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My Presentation to the Pipeline Review Panel, Jan. 8, 2013
Jeremy Arney, Victoria BC
First I would like to acknowledge the Songhees Tribe on whose traditional territory we are today, and secondly to acknowledge my friend, supporter and fellow human being here with me today Earl Claxton Junior of the Saanich Tribe, who told me that he felt compelled to be here with me today.
My name is Jeremy Arney and I thank you for hearing me. I came to Canada from England in 1967 and my first wife and I put down roots here in Victoria. I have travelled North America extensively as a truck driver and have to say that the northern BC I travelled, often on gravel roads back then, was spectacular to say the least. I last visited the tar sands north of Fort McMurray in 1989 and was amazed at the size; now I am appalled at that huge toxic scar upon the earth.
Earl’s main worry is that if the treaties with the first nations’ peoples all along this pipeline route are going to be ignored, how long will it be before the Douglas Treaty with his people is ignored and broken too. I share his concern.
It has been requested that our testimony should not be on ideological grounds, and this seems to me to be imminently unfair as the entire project these hearings are about is based solely on the ideology of making money for shareholders with little regard for the land, waters and ocean which will be destroyed.
The history of the company wishing to build this pipe line does not inspire confidence that it is capable of maintaining a safe pipeline for the dilbit, or diluted bitumen, that it wishes to transport from Alberta to the port of Kitimat. In a way, this was borne out by the announcement from the federal Minister of Resources that we, the taxpayers, will be spending $163 million on developing a new pipeline technology to be in place for this line. Why is that? Is it because he knows this company is not capable of doing it themselves, either financially or practically, and so we must do it? Why must we spend that kind of money when we will still get the bill for cleaning up their inevitable mess whilst they will still make a profit? Not one penny (of taxpayers’ money), say I! It is their pipeline and their cost to ensure the best or go home.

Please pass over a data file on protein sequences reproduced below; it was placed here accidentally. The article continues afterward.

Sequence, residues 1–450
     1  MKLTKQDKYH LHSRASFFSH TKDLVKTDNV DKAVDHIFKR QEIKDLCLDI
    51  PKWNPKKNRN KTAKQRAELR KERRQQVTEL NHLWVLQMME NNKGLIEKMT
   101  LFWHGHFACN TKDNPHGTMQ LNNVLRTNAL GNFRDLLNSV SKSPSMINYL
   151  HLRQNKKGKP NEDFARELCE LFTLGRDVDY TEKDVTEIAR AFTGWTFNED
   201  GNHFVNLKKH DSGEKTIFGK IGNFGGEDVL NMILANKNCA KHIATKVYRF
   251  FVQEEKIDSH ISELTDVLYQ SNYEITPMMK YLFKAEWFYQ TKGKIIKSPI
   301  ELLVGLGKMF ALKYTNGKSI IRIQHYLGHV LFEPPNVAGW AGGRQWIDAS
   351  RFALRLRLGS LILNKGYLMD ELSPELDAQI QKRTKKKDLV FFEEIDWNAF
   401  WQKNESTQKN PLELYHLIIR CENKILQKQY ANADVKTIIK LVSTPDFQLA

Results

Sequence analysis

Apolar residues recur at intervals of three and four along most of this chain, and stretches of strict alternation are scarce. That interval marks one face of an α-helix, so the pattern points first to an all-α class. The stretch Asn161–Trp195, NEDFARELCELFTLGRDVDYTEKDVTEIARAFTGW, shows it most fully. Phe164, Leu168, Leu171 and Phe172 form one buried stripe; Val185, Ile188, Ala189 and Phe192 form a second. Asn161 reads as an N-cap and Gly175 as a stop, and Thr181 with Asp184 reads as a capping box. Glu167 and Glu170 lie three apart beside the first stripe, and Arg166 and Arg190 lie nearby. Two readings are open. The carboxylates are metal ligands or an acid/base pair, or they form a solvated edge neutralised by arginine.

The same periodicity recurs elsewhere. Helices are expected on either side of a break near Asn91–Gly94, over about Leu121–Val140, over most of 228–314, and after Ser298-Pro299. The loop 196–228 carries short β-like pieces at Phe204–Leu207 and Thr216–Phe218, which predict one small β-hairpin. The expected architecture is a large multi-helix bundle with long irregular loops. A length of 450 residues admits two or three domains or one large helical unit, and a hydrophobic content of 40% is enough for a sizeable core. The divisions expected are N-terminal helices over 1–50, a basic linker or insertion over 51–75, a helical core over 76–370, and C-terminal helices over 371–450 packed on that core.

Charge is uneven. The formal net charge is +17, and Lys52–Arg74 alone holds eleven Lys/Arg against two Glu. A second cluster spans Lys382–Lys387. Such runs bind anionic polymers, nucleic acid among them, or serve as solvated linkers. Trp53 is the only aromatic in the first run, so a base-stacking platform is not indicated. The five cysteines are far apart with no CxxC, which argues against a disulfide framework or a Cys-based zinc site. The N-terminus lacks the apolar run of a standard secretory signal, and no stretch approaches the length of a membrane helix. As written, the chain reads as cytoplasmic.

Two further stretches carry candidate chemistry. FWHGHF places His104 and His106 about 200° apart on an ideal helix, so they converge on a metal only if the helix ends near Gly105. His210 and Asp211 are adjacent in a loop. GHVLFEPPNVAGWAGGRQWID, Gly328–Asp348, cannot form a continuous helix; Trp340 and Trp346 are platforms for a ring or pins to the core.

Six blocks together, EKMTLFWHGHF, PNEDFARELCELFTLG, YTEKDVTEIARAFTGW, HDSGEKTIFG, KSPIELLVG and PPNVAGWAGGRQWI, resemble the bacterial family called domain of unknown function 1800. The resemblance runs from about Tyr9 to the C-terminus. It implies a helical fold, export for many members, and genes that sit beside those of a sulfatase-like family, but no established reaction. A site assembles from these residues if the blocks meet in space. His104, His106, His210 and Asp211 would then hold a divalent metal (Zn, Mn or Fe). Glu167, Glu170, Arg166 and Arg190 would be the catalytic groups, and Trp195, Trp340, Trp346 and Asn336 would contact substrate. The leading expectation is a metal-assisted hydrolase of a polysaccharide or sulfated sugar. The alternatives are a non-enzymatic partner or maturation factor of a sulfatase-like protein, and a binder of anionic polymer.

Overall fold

The advertisements seen over and again on television show that the company is only too willing to mislead by suggesting that the terrain for this pipeline is flat, with only a few trees, a river or two and no mountains, and that islands do not exist in the narrow channels between Kitimat and the Pacific Ocean. Even my 10- and 12-year-old grandsons, who know where I am today and why, have pointed this out to me, saying they had checked with Google maps and couldn’t understand why any company could make such claims on TV. [A good point I must raise with the Television Bureau of Canada who are supposed to approve all advertisements on TV for truth.]
This only emphasizes the inability of the project instigator to be honest and truthful to those it wishes to influence into support for their project.
I understand, from the Minister Oliver’s dictate as a result of all those ‘US-backed radicals’ who wanted to address this review panel, that only those who are directly impacted by the project should be allowed to speak at panels like this in future, and so let me explain to you why I fall into that category.
This particular Canadian government is constantly referring to democracy and particularly to Canadian democracy, which by definition means that the people govern the country through their representatives, who in turn represent their needs to the common government. It is the people’s needs that are fulfilled in a democracy. So when the people are excluded from something happening within their jurisprudence, which they overwhelming do not support, then democracy is dead. It is the responsibility for all of us to ensure this does not happen any more than it already has under this government.